By Psychologist, Mark Wetton
Work-related stress (and of course this includes the important work performed by “stay at home” mums and dads) can have a significant impact on one’s life and is a common reason for people to seek the support of Psychologists.
High levels of perceived stress have the effect of making it harder for us to take a broad, considered view of the situation to work out the best way to solve it. It makes it very hard to identify our priorities, so we often end up just running around trying to put out the “spot fires” instead of focusing on the main fire!
One of the most common causes of work-related stress is feeling like there simply isn’t enough time to get all the jobs done. In this situation, a common approach is to work harder and faster!
Studies investigating the relationship between stress and task performance demonstrate that best performance occurs at medium levels of stress, and worse at low or high levels of stress. While people differ as to how much stress they need for best performance, one strong finding from the research is that for most people, high levels of stress results in lots of errors and therefore worse performance.
Given that high stress makes people perform worse, working faster when experiencing high stress usually results in error leading to precious time spent correcting. Mistakes can also be demoralising and un-motivating, and at worst can have serious consequences for job security and impact our long-term mental health.
So rather than working faster, make small changes that may save you little bits of time here and there. Here are some ways that may help you through stressful periods:
1. Be aware of the difference between urgency and importance.
Make a list of the “important urgent” things, the “important non-urgent” things, the “unimportant urgent” things, and the “unimportant non-urgent” things. Then get stuck into the important things first, and the unimportant things last. As an example, emails are usually urgent but most are not important, yet most people prioritise responding to email first rather than attending to more important tasks like completing a report for the boss!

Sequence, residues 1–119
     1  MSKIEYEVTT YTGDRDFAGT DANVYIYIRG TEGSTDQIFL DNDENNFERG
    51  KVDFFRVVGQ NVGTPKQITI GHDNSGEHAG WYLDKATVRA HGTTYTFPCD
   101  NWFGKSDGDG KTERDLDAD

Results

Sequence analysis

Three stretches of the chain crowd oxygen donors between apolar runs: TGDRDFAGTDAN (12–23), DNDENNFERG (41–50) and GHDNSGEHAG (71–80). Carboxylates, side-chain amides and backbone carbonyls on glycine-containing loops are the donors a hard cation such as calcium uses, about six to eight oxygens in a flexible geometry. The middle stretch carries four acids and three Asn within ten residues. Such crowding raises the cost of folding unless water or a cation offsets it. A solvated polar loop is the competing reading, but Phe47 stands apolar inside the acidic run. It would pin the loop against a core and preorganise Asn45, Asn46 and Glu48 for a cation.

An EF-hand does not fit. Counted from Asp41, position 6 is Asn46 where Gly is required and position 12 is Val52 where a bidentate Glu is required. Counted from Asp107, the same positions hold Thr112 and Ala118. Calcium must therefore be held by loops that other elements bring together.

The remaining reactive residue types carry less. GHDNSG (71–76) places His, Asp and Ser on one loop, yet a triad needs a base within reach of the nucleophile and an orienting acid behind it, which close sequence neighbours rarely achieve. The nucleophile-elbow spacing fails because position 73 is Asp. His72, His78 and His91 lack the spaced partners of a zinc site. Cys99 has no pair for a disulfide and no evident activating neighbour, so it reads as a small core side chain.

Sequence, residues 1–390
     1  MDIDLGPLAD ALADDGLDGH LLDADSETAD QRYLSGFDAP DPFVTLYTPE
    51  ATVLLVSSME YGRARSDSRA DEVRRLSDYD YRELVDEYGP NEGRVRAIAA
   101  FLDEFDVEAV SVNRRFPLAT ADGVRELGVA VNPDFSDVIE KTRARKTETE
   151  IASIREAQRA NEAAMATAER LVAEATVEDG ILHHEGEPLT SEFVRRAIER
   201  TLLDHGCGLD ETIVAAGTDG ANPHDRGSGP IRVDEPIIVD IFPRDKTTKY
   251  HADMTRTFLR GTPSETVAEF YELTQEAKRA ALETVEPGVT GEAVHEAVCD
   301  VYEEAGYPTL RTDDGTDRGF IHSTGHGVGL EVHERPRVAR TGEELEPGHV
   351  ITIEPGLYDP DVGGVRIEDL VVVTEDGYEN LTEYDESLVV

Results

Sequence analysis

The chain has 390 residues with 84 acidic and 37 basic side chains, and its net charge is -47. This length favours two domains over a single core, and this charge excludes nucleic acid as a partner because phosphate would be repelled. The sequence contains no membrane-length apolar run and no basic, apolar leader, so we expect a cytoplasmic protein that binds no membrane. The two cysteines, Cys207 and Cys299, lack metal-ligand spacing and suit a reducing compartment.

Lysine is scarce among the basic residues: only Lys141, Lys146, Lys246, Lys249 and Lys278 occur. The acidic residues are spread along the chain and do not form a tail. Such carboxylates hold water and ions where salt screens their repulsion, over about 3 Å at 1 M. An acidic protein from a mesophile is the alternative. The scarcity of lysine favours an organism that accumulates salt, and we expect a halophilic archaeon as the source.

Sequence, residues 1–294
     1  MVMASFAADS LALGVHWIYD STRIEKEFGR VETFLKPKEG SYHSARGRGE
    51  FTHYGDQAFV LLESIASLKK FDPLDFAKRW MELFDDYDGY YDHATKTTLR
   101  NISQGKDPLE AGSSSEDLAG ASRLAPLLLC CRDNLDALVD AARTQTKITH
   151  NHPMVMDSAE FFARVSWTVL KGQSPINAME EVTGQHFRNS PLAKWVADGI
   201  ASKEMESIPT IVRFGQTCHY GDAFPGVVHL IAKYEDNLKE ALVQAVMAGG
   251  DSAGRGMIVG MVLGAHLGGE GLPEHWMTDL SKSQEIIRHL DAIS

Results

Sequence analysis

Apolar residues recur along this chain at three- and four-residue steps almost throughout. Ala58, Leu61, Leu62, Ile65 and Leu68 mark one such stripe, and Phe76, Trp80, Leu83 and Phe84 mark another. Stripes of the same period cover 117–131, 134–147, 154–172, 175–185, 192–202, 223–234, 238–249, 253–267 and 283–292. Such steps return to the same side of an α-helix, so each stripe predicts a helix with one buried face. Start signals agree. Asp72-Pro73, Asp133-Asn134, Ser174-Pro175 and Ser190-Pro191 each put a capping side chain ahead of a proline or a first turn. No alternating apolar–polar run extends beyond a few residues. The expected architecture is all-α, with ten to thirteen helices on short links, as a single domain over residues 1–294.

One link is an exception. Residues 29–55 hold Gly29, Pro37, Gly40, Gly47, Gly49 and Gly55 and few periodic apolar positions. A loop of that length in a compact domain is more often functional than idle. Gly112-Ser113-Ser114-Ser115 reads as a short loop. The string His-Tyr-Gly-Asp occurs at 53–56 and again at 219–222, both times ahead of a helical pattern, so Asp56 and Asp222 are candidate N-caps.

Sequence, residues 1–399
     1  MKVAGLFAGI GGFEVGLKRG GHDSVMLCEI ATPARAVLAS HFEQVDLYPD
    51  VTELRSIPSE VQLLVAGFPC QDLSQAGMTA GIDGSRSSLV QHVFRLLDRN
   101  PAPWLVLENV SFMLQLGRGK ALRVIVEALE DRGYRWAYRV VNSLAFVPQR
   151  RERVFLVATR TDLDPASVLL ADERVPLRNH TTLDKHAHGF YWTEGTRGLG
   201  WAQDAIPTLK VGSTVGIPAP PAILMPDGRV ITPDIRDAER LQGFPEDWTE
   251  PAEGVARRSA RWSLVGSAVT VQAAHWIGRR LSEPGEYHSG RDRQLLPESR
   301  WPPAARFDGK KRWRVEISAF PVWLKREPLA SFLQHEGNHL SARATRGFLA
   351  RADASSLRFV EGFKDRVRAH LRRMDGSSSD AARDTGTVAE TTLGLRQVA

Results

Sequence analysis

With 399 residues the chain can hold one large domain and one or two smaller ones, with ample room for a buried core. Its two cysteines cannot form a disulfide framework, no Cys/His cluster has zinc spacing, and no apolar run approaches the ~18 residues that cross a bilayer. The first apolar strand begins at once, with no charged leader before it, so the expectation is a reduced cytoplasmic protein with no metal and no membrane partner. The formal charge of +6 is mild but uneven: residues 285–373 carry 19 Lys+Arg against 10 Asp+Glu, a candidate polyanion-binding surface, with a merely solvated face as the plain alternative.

2. Complete one task at a time.
Most tasks involve quite a bit of attention to complete properly and also require you to remember what part of the task you are up to, and what you need to do next. Research has found that if you switch between tasks frequently you can often lose track of what part you were up to, making it harder to recommence and complete the task. If a task is very large, break it down into smaller chunks and focus on getting one chunk done at a time. This approach will build a sense of making progress and so keep you motivated! Only attempt to juggle tasks when you are completely confident that there is a time benefit in doing so.
3. Be aware that when stressed you are likely to make more mistakes, so slow down!
It is sometimes inevitable when work gets busy to make more mistakes, but recognising that you are perhaps working too fast for the job at hand will allow you to minimise mistakes by slowing down when you need to.
4. Reward yourself for your hard work by taking frequent short breaks, and make sure to eat your lunch!
As the body and brain become fatigued it becomes harder to concentrate and you will be more likely to make mistakes and generally work slower. Brief breaks and nourishing yourself every hour or so allow the body and brain a moment to refresh, thus making you more efficient across the day. Even doing something for five minutes that takes your mind completely off the task at hand is useful, but make sure it isn’t so enjoyable that it makes it hard to start work again!
5. When you have finished work for the day, give yourself a genuine time out!
Working really fast all day can make it really hard to slow down when work is over! People differ in what helps them de-stress. Remember that pleasurable activities are just important as work related tasks. Take some time to exercise, play a team sport, watch tv, do arts and crafts, interact with loved ones, friends, children or animals, take a warm bath, meditate, read or cook. As long as you experience a de-stressing effect from it, it is worth doing!
6. And finally, when the period of high stress is over, take a little bit of time to plan for the next stressful period.
When stress dies down we often need some time to recover and replenish. This is very important to take but also a time to consider whether there is anything you can do to reduce the amount of work-related stress you may experience in the future. Take a moment to evaluate the most time consuming or stressful tasks and trouble shoot ways to make them easier. As the old adage implies “work smarter, not harder”. Remember, any slight decrease in the time and effort it takes to do your work will add up to much less stress over the long term!
Here are some tools to help you prioritise tasks, and so get things done with less stress!
For more information on Mark and the team of Psychologist at Psychology Consultants visit www.psychologyconsultants.com.au